There will be a new app
All four major US carriers — AT&T, Verizon, T-Mobile, and Sprint — have each issued the same joint press release announcing the formation of “a joint venture” called the “Cross-Carrier Messaging Initiative” (CCMI). It’s designed to ensure that the carriers move forward together to replace SMS with a next-generation messaging standard — including a promise to launch a new texting app for Android phones that supports the standard by next year.
The Verge spoke with Doug Garland, general manager for the CCMI, to find out more about what this all means. RCS, if you don’t know, is wickedly complicated on the backend from both a technical and (more importantly) a political perspective. But the CCMI’s goal is to make all that go away for US consumers. Whether or not it can actually pull that off is more complicated.
First and foremost, CCMI intends to ship a new Android app next year that will likely be the new default messaging app for Android phones sold by those carriers. It will support all the usual RCS features like typing indicators, higher-resolution attachments, and better group chat. It should also be compatible with the global “Universal Profile” standard for RCS that has been adopted by other carriers around the world.
Garland says the CCMI will also work with other companies interested in RCS to make sure their clients are interoperable as well — notably Samsung and Google. That should mean that people who prefer Android Messages will be able to use that instead, but it sounds like there may be technical details to work out to make that happen.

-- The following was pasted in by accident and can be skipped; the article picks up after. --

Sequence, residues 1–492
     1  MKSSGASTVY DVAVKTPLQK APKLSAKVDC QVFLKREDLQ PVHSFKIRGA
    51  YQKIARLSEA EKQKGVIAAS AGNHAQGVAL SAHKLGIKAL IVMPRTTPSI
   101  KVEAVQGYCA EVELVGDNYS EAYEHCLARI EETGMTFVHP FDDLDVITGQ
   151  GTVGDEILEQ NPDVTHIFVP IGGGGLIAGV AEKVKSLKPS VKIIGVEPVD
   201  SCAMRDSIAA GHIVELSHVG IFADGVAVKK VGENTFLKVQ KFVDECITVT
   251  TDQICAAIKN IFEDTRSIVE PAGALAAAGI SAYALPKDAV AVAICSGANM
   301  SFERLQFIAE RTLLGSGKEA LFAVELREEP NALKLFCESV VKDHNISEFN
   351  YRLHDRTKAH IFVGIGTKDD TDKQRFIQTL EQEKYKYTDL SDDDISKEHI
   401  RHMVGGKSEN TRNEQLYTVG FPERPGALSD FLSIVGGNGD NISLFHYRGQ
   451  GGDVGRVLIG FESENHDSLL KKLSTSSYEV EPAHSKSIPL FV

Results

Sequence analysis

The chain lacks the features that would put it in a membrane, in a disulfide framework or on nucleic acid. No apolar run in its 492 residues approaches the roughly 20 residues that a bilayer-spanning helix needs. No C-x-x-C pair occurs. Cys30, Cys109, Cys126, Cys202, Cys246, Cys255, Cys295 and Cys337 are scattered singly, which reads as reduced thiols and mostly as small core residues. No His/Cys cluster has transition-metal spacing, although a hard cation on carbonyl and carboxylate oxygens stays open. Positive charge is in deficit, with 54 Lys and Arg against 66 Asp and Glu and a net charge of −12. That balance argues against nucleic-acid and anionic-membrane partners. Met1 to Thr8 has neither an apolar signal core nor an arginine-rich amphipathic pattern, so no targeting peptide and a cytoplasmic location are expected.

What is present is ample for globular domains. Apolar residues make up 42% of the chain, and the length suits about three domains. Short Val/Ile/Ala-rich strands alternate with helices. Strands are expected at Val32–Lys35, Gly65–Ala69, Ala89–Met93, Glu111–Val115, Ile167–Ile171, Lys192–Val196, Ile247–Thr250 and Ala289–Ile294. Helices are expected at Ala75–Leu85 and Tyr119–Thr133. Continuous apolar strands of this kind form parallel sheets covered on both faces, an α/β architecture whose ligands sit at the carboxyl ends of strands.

Google is a fascinating and perhaps telling omission from the press release. Up until this point, the primary advocate for RCS has been Google, which bet on it as the only platform-level messaging service for Android. It was a bet that carriers haven’t backed until now. Verizon isn’t supporting RCS on the Pixel 4 after doing so on the Pixel 3, for example. Google recently stopped waiting for carriers in the UK and France and rolled out RCS support for Android phones using its own servers.
Google was unable to immediately provide comment on the CCMI. That in and of itself is telling — as is the fact that the word “Google” appears precisely zero times in the carriers’ press release. Garland says the company continues to be an ecosystem partner and that this release was focused on the carriers.
However, several hours after the CCMI’s press release went out, Google did provide a statement from Sanaz Ahari, a product director at Google:
We remain committed to working with the Android ecosystem to further enhance the messaging experience on Android with RCS. It’s great to see U.S. carriers getting behind RCS in a meaningful way and we look forward to continuing to work with them to bring modern messaging to everyone on Android.
If you’re not familiar with all the ins and outs of RCS, let’s quickly catch up. There are four critical problems with RCS:
- Not enough carriers have adopted it